Sunday, 14 September 2008

Poem in Conversation


Where the remote Bermudas ride
In th’ ocean’s bosom unespied,
From a small boat that rowed along,
The listening winds received this song:

“What should we do but sing His praise
That led us through the wat’ry maze
Unto an isle so long unknown,
And yet far kinder than our own?
Where He the huge sea monster wracks,
That lift the deep upon their backs;
He lands us on a grassy stage,
Safe from the storms, and prelate’s rage.
He gave us this eternal spring
Which here enamels everything,
And sends the fowls to us in care,
On daily visits through the air;
He hangs in shades the orange bright,
Like golden lamps in a green night,
And does in the pomegranates close
Jewels more rich than Ormus shows;
He makes the figs our mouths to meet,
And throws the melons at our feet;
But apples plants of such a price,
No tree could ever bear them twice;
With cedars, chosen by his hand
From Lebanon, he stores the land;
And makes the hollow seas that roar
Proclaim the ambergris on shore;
He cast (of which we rather boast)
The gospel’s pearl upon our coast,
And in these rocks for us did frame
A temple, where to sound his name.
O let our voice his praise exalt
Till it arrive at heaven’s vault,
Which, thence (perhaps) rebounding, may
Echo beyond the Mexique Bay.”

Thus sung they in the English boat
An holy and a cheerful note;
And all the way, to guide their chime,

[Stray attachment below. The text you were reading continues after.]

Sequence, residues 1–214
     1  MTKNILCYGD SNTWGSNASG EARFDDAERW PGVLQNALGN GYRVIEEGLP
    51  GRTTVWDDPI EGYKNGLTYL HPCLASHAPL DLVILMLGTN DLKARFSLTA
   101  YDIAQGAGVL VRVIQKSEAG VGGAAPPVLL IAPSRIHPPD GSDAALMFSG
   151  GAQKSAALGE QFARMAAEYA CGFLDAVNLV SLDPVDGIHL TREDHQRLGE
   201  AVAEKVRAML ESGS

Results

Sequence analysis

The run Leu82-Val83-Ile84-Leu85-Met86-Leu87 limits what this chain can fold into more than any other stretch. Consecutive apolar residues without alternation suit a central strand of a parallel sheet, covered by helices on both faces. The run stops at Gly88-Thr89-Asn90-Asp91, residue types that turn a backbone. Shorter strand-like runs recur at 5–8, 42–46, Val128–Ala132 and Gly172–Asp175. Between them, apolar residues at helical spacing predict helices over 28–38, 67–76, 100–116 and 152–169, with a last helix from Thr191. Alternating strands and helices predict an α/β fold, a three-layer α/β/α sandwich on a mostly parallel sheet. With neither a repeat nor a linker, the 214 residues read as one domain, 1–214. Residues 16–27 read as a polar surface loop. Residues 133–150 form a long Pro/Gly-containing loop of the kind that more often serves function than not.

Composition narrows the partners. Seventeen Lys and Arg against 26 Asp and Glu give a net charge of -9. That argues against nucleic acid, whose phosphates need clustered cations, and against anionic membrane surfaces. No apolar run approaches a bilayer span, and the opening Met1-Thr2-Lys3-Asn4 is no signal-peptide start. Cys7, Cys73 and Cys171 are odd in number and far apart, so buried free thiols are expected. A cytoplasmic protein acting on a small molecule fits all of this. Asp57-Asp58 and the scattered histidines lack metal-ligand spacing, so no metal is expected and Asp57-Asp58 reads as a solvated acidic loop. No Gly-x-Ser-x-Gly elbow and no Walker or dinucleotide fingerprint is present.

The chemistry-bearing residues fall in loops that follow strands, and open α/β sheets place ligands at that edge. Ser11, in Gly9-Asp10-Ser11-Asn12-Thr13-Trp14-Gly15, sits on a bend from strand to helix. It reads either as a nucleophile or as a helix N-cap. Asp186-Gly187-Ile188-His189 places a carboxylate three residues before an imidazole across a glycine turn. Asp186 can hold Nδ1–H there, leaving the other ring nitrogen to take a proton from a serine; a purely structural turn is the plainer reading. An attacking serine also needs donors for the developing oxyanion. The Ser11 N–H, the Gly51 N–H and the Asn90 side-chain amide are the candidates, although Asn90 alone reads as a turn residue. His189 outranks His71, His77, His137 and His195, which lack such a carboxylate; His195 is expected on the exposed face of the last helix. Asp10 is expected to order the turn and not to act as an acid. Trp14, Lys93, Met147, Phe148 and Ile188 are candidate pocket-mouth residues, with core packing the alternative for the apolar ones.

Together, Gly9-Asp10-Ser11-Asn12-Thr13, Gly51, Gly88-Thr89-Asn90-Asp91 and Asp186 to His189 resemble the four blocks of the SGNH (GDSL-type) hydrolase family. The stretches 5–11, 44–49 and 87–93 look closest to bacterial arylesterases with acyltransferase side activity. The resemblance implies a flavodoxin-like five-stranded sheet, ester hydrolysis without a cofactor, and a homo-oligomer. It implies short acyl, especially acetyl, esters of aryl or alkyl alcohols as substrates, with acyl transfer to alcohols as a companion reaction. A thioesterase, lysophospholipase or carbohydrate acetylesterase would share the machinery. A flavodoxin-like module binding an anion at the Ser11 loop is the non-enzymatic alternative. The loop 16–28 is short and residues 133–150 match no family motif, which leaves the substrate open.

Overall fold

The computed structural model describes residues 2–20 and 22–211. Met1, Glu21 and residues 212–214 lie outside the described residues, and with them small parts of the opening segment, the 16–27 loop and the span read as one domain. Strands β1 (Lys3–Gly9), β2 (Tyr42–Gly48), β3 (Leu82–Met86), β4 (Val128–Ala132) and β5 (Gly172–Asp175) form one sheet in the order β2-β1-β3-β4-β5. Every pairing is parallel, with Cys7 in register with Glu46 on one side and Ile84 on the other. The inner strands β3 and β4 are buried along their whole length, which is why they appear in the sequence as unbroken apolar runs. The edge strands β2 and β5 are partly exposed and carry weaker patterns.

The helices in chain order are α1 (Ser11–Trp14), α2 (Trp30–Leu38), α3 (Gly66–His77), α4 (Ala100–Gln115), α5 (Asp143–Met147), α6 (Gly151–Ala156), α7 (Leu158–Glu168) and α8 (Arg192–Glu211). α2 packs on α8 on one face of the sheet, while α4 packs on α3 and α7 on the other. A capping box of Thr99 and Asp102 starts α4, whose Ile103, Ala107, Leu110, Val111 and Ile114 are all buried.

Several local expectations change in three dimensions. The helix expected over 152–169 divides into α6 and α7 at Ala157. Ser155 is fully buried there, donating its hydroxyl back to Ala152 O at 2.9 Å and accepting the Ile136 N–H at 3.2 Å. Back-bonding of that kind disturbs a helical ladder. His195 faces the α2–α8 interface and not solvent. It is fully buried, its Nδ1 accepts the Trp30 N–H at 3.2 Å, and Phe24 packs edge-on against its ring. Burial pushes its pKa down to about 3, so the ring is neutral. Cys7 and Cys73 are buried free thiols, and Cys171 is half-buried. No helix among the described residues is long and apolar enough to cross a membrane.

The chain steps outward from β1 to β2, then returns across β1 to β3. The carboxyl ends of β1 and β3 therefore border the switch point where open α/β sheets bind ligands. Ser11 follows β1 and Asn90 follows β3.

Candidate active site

With falling oars they kept the time.
--Andrew Marvell, 1621-1678

The Ellice Swamp

In Perth county’s weedy puddle
from sagging barns, Rostock, Kuhryville,
a fleet of orange tractors grunts an unsung melody
and the manured wind does not care:

“How do we deserve this soil,
pulled from the water field by field,
archipelagos edged by culverts,
turned back to swamp with rain?
Here the water tastes like coliform
and the cows’ feet are wet
in the hollows from which our grandparents
took more than Europe’s family farms could afford.
Do we deserve this eternal well
which bubbles up among our crop
and invites the geese to rest when headed south,
once our plows have passed?
Yes, the fruit takes to this ground,
yellow pears come with yellow jackets,
hard sour crabs hang like tempting cherries,
the blinding corn is green and tall,
in autumn scarlet fires the beans,
pumpkins defy the garden and spread across the lawn,
and apples grow enough to spoil on the branch
and intoxicate the sparrows.
Yes, the cedars, maples, willows grow
and ample old woods dot the marsh,
but it all has the musk of pigs, cows,
chickens, workhorses, and sweating earth;
in the muddy ground are contained
those who first divided land from the water table.
Moserville’s headstones and the town names
mark those buried under St. Paul’s Lutheran care.
Do we deserve this earth that swallows
histories, hours, evenings, lives,
that sits beneath the horizon
and lets us earn each day?”

From the combines this song is not heard
between the farmers’ jokes and complaints
and continues for all time.

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